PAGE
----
Trivia fans will also enjoy a curious incident from the 2004/05 campaign, which provided a notable first in the 75-year history of the derbi sevillano. Though the teams had always previously gone head-to-head with both wearing their traditional first-choice jerseys, the referee that day in the Sanchez Pizjuan felt there was a kit clash – thus making visitors Betis change into their second strip.  

What's more, fans of Los Verderones (Betis) and Los Palanganas (Sevilla), have also witnessed many cases of players and coaches working on both sides of the divide – such as the cases of well-respected bosses Luis Aragones and Juande Ramos.

More intriguing, however, was the story of Antonio Barrios, who in 66/67 guided Betis to promotion from the second division before making the switch to Sevilla. Yet things quickly went sour in Nervion for Barrios, who was removed from his post before the end of a 67/68 campaign that ended in relegation for Los Blanquirrojos. With Los Béticos also dropping down to the second tier that season, the call went out to their former boss, who soon guided Betis back into the top flight.

The roll call of players tagged as traitors by one or other set of fans is certainly lengthy, but one highly unusual case stands out. In 1945, in the midst of a serious economic and sporting crisis, Betis sold their star player Francisco Antunez to their eternal rivals. As soon as the transfer became public, however, a groundswell of rage erupted from the Betis fans, a reaction which forced the club’s then President to rapidly back-pedal and try to block the player’s sale.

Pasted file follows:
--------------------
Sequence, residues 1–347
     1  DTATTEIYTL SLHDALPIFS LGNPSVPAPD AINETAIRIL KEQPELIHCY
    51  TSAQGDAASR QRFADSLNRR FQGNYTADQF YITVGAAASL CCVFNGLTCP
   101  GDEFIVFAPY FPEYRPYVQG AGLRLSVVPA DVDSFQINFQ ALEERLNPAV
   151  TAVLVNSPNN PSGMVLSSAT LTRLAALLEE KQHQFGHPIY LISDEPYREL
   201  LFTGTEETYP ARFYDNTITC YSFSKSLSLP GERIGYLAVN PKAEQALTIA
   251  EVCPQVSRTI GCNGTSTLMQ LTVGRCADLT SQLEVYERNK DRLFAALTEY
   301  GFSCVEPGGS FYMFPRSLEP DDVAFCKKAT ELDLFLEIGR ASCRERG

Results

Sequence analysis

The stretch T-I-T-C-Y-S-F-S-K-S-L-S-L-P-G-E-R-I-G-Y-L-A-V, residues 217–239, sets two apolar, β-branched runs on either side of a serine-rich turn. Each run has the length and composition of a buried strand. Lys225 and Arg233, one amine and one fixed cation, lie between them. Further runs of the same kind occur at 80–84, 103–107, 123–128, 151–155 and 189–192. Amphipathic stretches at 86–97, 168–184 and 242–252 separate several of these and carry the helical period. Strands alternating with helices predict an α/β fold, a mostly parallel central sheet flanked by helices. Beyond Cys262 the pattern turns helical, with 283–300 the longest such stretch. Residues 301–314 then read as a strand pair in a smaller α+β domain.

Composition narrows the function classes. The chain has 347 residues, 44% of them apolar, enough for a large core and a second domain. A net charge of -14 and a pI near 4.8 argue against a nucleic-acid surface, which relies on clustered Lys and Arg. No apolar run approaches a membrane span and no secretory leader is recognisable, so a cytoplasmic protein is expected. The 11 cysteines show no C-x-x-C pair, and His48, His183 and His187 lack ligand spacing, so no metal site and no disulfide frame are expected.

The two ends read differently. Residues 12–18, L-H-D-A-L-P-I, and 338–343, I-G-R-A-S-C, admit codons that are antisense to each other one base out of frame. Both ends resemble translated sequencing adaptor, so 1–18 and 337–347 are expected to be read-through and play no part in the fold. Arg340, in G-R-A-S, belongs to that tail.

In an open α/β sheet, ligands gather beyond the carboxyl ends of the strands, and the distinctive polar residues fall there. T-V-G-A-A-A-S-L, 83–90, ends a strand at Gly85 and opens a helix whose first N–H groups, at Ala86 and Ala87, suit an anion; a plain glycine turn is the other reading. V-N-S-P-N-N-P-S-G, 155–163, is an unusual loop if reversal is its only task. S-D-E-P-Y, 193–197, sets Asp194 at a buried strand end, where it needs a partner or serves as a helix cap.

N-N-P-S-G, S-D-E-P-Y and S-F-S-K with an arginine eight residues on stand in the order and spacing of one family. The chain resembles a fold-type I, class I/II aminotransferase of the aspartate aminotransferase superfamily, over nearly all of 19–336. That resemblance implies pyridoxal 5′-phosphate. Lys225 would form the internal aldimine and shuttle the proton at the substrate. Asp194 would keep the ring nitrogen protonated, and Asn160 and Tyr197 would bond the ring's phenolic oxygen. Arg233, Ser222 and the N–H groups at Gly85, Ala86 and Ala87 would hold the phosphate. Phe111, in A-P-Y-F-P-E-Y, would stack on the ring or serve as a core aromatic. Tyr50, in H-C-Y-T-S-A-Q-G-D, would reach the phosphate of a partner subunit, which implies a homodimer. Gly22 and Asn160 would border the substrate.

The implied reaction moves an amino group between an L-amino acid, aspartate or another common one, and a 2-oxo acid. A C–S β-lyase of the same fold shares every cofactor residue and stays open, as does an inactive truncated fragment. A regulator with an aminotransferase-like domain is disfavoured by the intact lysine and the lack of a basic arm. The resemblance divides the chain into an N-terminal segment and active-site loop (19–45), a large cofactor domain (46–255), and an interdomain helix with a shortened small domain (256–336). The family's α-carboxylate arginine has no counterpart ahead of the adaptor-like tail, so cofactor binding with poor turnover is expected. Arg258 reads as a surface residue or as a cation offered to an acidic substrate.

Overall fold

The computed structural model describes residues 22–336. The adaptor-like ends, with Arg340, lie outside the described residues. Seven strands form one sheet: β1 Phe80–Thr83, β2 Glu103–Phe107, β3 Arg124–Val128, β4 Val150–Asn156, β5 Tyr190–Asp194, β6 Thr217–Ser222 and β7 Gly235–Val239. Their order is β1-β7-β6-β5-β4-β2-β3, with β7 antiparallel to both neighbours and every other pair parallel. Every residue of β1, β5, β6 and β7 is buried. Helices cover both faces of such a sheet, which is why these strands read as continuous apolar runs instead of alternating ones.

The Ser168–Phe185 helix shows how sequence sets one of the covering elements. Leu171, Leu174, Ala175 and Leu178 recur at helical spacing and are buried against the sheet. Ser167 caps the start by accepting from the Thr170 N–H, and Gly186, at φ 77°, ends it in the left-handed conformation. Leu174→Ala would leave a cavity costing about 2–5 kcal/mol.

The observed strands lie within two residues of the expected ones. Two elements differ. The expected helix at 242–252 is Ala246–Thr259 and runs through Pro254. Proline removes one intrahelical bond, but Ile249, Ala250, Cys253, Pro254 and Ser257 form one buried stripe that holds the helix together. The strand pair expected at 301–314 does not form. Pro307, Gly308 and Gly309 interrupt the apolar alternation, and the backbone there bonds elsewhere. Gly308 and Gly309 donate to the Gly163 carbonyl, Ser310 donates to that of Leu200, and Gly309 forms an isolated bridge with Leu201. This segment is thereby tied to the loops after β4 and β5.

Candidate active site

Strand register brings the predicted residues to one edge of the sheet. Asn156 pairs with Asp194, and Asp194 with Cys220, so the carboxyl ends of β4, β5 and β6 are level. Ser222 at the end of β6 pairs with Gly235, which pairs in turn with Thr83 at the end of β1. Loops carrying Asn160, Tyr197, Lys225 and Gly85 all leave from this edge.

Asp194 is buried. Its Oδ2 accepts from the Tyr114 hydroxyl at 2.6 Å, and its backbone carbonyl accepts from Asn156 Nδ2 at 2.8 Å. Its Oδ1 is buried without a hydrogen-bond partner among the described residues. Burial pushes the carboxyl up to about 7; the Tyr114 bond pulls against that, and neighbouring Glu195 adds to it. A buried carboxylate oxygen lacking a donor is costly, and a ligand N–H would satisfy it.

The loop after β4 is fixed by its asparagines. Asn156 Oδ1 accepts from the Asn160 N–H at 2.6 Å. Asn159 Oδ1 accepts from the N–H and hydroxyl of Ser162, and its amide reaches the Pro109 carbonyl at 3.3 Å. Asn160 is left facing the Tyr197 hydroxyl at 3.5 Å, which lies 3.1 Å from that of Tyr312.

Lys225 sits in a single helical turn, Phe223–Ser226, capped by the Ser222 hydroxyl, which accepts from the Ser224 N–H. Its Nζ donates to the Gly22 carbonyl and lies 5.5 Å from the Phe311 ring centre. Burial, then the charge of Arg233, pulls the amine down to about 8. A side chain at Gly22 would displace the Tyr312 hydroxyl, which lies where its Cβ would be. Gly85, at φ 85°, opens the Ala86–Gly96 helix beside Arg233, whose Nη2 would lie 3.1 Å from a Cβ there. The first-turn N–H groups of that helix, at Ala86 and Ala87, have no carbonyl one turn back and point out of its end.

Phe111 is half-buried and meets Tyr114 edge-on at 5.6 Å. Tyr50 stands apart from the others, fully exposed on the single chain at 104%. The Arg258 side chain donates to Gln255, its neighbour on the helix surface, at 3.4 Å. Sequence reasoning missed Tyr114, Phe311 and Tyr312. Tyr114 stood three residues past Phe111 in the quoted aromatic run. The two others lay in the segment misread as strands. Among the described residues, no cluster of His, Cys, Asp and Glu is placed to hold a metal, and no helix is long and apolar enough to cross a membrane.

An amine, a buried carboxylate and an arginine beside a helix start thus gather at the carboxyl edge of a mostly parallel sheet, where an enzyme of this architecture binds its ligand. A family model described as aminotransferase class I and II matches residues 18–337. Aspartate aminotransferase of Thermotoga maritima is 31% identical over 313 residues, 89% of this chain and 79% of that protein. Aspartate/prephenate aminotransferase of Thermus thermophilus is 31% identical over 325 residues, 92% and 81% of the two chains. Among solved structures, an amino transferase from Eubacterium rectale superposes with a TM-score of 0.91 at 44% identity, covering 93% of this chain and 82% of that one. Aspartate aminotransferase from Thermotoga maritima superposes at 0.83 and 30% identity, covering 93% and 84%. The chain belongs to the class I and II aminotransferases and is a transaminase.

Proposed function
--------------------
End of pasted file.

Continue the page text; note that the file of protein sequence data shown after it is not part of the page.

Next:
And though the courts eventually found in Los Verdiblancos’ favour, it was not before Antunez had helped Sevilla to victory in the 1945/46 league championship race – which remains their one and only La Liga title to date. Moreover, the player’s return to Betis was conditional on the repayment of Sevilla’s original transfer fee, funds that were no longer in the club’s coffers. So with the threat of bankruptcy looming, and after Antunez had already made the move across town, the player found himself heading back to the team in white-and-red.

The rivalry today
Though there are four teams from Andalusia currently in Spain’s Primera Division, the Betis-Sevilla clash remains by some distance the highest profile of the region’s derbis. The first of two encounters in the 2011/12 campaign comes after a five-month delay, having originally been scheduled for the opening match of the season only for a players’ strike to push the game back to the penultimate weekend of January.

Betis’ relegation to the Segunda Division after the 08/09 campaign has meant that Seville has been without its biggest footballing fiesta since February 2009. That game at the Sanchez Pizjuan was won by the hosts, though this weekend’s edition will be on Los Béticos’ home patch. And having enjoyed a flying start to the season on their return to the top tier, Betis are now sitting comfortably in 11th spot – just three points behind their seventh-placed neighbours, who have yet to fully recover from failing to qualify for the group stage of this term’s UEFA Champions League.